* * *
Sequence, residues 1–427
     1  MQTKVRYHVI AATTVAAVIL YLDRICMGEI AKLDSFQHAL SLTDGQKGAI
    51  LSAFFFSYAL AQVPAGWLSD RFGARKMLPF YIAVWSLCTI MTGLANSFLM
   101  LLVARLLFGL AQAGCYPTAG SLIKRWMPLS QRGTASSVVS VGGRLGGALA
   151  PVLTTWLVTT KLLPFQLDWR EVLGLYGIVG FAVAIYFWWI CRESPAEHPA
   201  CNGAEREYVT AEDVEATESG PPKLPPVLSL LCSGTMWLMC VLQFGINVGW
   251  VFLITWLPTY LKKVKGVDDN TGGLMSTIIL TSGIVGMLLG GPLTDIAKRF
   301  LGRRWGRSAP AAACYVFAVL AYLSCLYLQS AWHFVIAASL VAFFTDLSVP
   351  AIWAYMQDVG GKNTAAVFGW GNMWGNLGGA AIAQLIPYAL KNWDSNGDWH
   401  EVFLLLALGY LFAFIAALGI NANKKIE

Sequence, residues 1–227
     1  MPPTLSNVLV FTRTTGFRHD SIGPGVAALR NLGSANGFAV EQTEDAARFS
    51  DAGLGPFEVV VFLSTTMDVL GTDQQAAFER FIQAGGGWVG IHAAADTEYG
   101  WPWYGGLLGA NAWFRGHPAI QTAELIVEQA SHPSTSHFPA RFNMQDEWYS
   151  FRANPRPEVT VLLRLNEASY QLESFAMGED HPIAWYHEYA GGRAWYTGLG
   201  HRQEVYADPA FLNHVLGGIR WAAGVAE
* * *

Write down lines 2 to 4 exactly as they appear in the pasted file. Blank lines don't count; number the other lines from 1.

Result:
     1  MQTKVRYHVI AATTVAAVIL YLDRICMGEI AKLDSFQHAL SLTDGQKGAI
    51  LSAFFFSYAL AQVPAGWLSD RFGARKMLPF YIAVWSLCTI MTGLANSFLM
   101  LLVARLLFGL AQAGCYPTAG SLIKRWMPLS QRGTASSVVS VGGRLGGALA